Curiouser and curiouser. That's the kind of world Lewis Carroll created when he wrote his two 19th-century classics “Alice's Adventures in Wonderland” and “Through the Looking-Glass,” and it's a world that has intrigued and inspired visual and performing artists ever since. Ballet Nebraska's latest interpretation charmed its audience Friday at a packed IWCC Arts Center in Council Bluffs.
The production's guest choreographer was Kennet Oberly, who has often used fairy tales as points of inspiration. He created a whimsical ballet that includes all the major scenes and important characters from both books.
Costume designer Deborah Overturff created magnificent costumes, striking in conception, articulation and detail. Costume highs included Tweedledee and Tweedledum dancing comfortably in one costume and the White Knight's mighty steed, which had one dancer playing the tossing head and the other the twitching tail. The costumes for the dancing trees and flowers, maneuvering chess pieces and fluttering cards showed inventiveness.
This production included two Alices: Kelsey Schwenker as the real-world Alice, who chases the White Rabbit, and the Wonderland Alice, Erin Alarcón, who navigates each strange new encounter. Schwenker is terrific at portraying the sense of urgency of keeping up with the White Rabbit, while Alarcón alternates beautifully between being curious about and bewildered by her surroundings. Throughout the performance, the two engage in mirror dancing, poignantly balancing off each as they go through their separate albeit linked journeys.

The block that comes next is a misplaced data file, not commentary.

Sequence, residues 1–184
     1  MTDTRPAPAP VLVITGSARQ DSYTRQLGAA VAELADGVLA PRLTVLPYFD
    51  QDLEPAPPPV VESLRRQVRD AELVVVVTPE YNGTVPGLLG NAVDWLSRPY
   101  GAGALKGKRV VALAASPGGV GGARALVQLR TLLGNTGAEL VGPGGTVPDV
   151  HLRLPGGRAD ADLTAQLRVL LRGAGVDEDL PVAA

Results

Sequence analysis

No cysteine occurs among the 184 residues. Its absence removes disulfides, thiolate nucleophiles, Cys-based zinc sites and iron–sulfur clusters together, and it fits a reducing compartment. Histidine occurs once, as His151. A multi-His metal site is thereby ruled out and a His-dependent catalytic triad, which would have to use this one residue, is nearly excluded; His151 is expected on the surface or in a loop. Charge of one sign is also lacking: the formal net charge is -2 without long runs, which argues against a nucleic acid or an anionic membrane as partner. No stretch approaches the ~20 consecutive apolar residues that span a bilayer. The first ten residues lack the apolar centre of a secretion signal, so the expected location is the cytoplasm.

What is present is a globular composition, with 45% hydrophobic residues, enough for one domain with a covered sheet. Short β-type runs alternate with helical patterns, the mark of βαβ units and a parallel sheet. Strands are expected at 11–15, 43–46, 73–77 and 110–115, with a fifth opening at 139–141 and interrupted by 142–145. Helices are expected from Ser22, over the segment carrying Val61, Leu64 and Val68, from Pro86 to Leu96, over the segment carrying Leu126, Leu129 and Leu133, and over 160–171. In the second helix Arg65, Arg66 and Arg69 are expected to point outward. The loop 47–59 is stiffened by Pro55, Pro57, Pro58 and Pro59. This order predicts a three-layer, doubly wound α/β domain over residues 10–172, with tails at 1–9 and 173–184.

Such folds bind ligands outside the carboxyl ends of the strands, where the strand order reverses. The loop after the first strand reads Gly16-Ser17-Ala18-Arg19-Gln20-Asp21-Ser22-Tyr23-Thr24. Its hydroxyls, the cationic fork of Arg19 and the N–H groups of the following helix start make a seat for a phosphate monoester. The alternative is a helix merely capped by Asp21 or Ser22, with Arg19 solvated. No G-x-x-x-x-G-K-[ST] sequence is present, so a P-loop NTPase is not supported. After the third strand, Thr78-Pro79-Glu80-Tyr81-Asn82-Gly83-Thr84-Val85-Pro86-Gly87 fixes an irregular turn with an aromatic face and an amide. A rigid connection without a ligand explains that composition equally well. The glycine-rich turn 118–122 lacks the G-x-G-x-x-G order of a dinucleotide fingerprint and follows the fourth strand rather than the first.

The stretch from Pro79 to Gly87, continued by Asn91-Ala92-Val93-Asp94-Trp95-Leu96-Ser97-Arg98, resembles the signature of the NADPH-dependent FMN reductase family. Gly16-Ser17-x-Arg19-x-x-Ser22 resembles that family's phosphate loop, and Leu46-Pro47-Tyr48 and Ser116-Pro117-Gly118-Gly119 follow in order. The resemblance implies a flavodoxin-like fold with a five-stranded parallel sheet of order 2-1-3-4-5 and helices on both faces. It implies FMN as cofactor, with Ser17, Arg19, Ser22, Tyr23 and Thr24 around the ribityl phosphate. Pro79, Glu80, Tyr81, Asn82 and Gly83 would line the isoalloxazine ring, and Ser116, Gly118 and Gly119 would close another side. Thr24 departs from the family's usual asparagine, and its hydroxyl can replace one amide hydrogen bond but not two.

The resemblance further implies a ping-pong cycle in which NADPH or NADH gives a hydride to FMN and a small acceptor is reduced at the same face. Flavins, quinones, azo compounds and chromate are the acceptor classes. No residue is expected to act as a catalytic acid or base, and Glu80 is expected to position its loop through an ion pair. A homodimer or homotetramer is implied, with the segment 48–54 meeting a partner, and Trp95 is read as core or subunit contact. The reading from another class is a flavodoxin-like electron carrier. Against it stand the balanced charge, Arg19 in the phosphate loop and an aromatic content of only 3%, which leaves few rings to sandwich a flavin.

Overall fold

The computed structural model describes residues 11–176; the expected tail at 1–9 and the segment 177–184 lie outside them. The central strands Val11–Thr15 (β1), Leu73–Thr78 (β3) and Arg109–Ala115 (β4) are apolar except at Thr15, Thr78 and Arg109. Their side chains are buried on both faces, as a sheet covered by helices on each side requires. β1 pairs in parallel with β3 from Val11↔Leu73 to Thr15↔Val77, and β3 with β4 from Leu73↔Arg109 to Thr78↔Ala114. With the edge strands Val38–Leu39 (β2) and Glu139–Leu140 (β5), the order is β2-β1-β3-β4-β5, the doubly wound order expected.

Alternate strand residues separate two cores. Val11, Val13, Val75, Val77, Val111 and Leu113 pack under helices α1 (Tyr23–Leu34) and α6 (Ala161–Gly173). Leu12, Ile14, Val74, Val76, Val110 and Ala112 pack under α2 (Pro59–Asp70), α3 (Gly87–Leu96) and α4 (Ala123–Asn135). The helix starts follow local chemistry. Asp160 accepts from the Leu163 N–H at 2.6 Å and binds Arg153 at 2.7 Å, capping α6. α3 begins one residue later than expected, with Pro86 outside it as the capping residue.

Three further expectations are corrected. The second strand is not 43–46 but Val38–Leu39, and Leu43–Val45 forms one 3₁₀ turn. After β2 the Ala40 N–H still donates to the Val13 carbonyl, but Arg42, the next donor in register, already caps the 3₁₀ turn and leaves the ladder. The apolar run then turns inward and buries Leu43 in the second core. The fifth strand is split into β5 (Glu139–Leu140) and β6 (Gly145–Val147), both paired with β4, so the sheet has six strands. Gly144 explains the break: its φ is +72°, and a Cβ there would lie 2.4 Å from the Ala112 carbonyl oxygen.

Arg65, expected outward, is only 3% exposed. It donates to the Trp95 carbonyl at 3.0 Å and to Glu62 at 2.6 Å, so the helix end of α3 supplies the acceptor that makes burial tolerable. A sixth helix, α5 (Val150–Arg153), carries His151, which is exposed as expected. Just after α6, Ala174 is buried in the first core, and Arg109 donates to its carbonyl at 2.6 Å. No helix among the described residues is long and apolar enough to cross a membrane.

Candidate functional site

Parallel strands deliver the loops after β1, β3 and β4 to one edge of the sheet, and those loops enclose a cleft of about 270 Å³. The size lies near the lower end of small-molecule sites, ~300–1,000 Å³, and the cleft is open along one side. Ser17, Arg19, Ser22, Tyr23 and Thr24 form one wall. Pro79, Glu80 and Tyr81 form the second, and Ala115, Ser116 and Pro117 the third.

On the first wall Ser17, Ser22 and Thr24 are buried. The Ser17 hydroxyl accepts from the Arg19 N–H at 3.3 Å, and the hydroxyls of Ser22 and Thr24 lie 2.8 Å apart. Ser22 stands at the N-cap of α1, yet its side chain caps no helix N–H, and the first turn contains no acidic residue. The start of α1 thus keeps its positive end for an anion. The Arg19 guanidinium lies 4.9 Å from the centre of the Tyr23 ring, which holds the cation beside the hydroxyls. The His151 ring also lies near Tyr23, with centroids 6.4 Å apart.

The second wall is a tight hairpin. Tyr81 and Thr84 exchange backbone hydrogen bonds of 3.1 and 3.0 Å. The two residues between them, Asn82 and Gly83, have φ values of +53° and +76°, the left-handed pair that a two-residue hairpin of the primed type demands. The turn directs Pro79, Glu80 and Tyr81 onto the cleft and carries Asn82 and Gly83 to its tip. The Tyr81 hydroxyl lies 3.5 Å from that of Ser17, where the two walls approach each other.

This production was delightfully comic. Alarcón's sense of comic timing was perfect, with her facial expressions including exaggerated exasperation, confusion and frustration. Her physical comedy stole the show. Getting tangled up with the White Queen and teasingly playing with the Cheshire Cat were scenes that elicited great laughs, and the wideness of some of her gestures and movements involved great precision.
Comic stand-out performances included Sasha York as the bumbling White Knight, Claire Goodwille and Bret Samson as the Red and White Queens and Denis Vezetiu as the mischievous Cheshire Cat. On the more serious side, Natasha Grimm was enigmatically seductive and sinuous as the Caterpillar.
Children and teenagers at times stole the show. Close to 100 are included in the production. From the audibly awe-inducing snails and hedgehogs to the whirling cake and cupcakes, they added a sweet innocence to their scenes.
On a less than positive note, the trial scene, which involved the main book characters closing in on Alice while wearing stilts, was a bit ... stilted. Placing the dancers on stilts seemed awkward and clumsy and distracted from Alice's desperation as she realized she was trapped and in real peril. The scene that immediately followed had the same characters dancing together and was splendid as they began to bring Alice's adventures to a close.
Altogether, Ballet Nebraska has created a sweet, funny and well-choreographed production.